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Schizophrenia as a Human Process

Schizophrenia as a Human Process The patient with schizophrenia often appears to be living in an alien world, one of strange voices, bizarre beliefs, and disorganized speech and behavior. It is difficult to empathize with someone suffering from symptoms so remote from one's ordinary experience. However, examination of the disorder reveals not only symptoms of the psychosis itself but also an intensely human struggle against the disintegration of personality it can produce. Furthermore, examination of the individual's attempts to cope with a devastating psychotic process reveals familiar psychodynamic processes and defense mechanisms, however unsuccessful they may be. Knowing that behind the seemingly alien diagnostic features of schizophrenia is a person attempting to preserve his or her self-identity puts a human face on the illness. This article utilizes clinical material to describe some of the psychodynamic processes of schizophrenia. Its purpose is to facilitate understanding of an illness that requires comprehensive biopsychosocial treatment in which a therapeutic doctor–patient relationship is as necessary as antipsychotic medication. http://www.deepdyve.com/assets/images/DeepDyve-Logo-lg.png Journal of the American Academy of Psychoanalysis & Dynamic Psychiatry Guilford Press

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Publisher
Guilford Press
Copyright
© 2011 The American Academy of Psychoanalysis and Dynamic Psychiatry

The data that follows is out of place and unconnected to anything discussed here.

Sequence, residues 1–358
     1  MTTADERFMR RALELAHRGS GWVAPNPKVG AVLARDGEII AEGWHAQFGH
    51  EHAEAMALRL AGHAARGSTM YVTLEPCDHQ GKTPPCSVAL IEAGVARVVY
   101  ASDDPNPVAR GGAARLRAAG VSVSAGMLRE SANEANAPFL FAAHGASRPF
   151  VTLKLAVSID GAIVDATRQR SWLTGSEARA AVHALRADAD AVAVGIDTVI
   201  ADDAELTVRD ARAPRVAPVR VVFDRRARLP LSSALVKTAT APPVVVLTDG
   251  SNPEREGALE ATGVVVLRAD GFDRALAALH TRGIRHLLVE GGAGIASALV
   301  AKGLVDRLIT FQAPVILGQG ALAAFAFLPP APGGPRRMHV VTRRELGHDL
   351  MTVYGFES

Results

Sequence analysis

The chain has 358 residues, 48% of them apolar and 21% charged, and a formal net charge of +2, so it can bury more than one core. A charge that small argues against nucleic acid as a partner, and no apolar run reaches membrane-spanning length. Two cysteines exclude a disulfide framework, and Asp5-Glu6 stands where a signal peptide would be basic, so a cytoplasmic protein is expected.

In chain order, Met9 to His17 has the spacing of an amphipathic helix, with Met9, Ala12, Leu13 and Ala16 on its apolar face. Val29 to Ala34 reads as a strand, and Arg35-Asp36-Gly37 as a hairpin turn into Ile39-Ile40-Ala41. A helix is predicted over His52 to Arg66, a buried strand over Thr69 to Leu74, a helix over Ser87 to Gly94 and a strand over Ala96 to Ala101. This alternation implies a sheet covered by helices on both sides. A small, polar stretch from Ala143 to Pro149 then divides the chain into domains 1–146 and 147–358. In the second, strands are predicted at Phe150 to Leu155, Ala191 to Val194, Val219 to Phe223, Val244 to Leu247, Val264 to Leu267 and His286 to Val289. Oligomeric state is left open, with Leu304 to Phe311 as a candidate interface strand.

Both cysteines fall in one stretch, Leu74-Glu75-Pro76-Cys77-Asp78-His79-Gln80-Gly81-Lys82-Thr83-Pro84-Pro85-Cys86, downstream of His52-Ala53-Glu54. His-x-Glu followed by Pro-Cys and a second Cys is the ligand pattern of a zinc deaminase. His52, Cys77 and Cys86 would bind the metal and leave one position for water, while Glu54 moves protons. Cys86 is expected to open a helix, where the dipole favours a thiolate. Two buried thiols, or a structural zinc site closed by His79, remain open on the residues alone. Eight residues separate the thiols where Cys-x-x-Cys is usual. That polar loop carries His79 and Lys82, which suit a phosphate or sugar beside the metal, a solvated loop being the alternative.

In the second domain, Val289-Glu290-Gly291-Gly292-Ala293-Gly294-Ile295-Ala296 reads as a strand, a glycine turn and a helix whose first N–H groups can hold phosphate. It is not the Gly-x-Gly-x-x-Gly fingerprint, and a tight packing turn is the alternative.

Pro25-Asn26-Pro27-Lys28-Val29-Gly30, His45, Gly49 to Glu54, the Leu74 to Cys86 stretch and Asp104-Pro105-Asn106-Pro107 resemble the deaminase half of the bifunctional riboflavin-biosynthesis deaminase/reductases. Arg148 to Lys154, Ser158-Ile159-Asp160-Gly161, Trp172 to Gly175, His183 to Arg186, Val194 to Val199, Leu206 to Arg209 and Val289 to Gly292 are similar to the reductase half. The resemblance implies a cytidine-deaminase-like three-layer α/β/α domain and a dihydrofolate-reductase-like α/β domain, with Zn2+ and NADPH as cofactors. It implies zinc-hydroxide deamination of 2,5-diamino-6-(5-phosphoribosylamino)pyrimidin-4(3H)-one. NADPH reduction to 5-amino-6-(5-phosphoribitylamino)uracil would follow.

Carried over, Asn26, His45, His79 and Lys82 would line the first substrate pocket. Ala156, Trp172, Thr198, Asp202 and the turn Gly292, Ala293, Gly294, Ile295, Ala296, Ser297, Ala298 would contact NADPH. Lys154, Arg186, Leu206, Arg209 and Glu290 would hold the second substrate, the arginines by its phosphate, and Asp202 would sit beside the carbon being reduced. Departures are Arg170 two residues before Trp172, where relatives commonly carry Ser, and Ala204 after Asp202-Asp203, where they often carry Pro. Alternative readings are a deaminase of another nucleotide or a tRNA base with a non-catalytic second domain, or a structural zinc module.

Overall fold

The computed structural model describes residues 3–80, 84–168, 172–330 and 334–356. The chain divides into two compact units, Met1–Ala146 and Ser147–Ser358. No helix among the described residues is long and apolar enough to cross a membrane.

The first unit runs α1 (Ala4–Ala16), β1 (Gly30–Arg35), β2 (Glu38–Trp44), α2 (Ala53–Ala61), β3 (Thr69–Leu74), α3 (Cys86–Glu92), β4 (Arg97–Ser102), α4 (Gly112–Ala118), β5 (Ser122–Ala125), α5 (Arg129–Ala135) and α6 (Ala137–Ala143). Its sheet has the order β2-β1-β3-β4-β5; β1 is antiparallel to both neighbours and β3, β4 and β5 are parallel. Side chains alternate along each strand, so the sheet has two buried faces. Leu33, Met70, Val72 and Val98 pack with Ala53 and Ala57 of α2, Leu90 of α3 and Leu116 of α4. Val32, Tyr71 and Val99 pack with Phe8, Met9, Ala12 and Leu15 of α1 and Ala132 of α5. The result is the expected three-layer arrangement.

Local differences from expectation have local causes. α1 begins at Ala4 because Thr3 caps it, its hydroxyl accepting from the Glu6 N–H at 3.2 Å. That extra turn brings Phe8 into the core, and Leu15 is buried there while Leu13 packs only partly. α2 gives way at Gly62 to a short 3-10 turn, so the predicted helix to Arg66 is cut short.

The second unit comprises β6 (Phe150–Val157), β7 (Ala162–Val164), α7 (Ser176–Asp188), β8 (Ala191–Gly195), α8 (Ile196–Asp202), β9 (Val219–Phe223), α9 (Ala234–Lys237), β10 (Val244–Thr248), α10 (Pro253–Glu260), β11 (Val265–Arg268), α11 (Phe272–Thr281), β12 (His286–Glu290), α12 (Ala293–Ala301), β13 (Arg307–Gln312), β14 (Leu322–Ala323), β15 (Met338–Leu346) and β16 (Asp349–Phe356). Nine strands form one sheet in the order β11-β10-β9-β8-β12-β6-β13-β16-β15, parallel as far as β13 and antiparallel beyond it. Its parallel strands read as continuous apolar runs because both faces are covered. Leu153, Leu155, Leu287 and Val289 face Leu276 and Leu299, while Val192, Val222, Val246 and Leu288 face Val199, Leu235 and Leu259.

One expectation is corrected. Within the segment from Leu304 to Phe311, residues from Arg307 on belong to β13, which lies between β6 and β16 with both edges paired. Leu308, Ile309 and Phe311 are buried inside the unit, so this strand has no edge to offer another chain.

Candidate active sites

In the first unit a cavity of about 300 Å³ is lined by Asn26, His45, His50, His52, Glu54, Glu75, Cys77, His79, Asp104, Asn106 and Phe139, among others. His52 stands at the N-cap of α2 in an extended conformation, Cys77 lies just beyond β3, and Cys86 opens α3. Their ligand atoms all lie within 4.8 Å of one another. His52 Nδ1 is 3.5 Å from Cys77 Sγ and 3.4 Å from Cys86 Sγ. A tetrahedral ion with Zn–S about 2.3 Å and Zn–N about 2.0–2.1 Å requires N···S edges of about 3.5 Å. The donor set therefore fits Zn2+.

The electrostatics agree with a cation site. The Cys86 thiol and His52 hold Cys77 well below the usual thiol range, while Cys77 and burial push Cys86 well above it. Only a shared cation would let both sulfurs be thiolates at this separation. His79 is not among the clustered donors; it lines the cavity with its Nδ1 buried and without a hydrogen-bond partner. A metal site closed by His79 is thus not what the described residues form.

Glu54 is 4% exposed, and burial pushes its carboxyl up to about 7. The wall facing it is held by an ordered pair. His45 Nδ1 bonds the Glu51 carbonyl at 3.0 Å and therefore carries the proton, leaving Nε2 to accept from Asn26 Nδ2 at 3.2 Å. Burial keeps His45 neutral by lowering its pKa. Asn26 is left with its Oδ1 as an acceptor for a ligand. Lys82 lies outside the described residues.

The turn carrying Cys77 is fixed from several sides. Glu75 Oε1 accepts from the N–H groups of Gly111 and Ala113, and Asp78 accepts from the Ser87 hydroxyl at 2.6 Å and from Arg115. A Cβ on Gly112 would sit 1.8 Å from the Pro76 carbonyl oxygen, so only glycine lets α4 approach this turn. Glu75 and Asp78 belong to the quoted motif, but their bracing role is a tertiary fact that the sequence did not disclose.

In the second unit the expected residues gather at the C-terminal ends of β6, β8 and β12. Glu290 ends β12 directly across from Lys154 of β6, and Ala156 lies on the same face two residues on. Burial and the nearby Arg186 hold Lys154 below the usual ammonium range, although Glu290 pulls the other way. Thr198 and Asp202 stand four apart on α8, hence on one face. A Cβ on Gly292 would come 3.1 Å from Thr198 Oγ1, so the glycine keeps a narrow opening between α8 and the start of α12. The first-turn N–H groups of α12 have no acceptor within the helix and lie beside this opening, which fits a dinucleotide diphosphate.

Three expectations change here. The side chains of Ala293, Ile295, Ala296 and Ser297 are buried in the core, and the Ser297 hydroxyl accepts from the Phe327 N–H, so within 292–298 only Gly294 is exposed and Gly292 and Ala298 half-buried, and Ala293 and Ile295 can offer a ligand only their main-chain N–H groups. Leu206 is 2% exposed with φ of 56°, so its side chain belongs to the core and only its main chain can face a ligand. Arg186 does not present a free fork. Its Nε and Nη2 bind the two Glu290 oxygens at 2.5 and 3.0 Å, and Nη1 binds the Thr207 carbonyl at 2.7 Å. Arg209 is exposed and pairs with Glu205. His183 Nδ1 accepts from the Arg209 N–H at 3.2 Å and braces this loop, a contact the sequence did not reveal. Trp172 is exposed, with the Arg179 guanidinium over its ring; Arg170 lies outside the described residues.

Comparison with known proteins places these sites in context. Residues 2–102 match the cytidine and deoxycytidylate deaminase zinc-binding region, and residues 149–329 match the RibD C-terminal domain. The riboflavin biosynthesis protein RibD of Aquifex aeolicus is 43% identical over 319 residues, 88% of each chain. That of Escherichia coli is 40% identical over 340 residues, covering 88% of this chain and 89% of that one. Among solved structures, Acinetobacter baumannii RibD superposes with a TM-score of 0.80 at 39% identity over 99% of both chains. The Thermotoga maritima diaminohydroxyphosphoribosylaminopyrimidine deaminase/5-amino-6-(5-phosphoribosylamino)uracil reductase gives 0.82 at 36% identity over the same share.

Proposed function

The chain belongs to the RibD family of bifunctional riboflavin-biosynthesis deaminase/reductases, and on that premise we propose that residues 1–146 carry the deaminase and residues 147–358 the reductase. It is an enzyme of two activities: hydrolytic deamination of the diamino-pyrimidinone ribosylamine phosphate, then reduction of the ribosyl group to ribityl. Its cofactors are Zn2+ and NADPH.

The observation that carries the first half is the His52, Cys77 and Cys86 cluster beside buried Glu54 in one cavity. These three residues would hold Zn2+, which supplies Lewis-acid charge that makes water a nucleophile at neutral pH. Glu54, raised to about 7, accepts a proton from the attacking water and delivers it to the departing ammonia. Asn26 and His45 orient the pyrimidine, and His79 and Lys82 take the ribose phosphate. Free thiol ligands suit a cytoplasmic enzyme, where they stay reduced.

ISSN
1546-0371
DOI
10.1521/jaap.2011.39.4.717
pmid
22168633
Publisher site
See Article on Publisher Site

Abstract

The patient with schizophrenia often appears to be living in an alien world, one of strange voices, bizarre beliefs, and disorganized speech and behavior. It is difficult to empathize with someone suffering from symptoms so remote from one's ordinary experience. However, examination of the disorder reveals not only symptoms of the psychosis itself but also an intensely human struggle against the disintegration of personality it can produce. Furthermore, examination of the individual's attempts to cope with a devastating psychotic process reveals familiar psychodynamic processes and defense mechanisms, however unsuccessful they may be. Knowing that behind the seemingly alien diagnostic features of schizophrenia is a person attempting to preserve his or her self-identity puts a human face on the illness. This article utilizes clinical material to describe some of the psychodynamic processes of schizophrenia. Its purpose is to facilitate understanding of an illness that requires comprehensive biopsychosocial treatment in which a therapeutic doctor–patient relationship is as necessary as antipsychotic medication.

Journal

Journal of the American Academy of Psychoanalysis & Dynamic PsychiatryGuilford Press

Published: Dec 1, 2011

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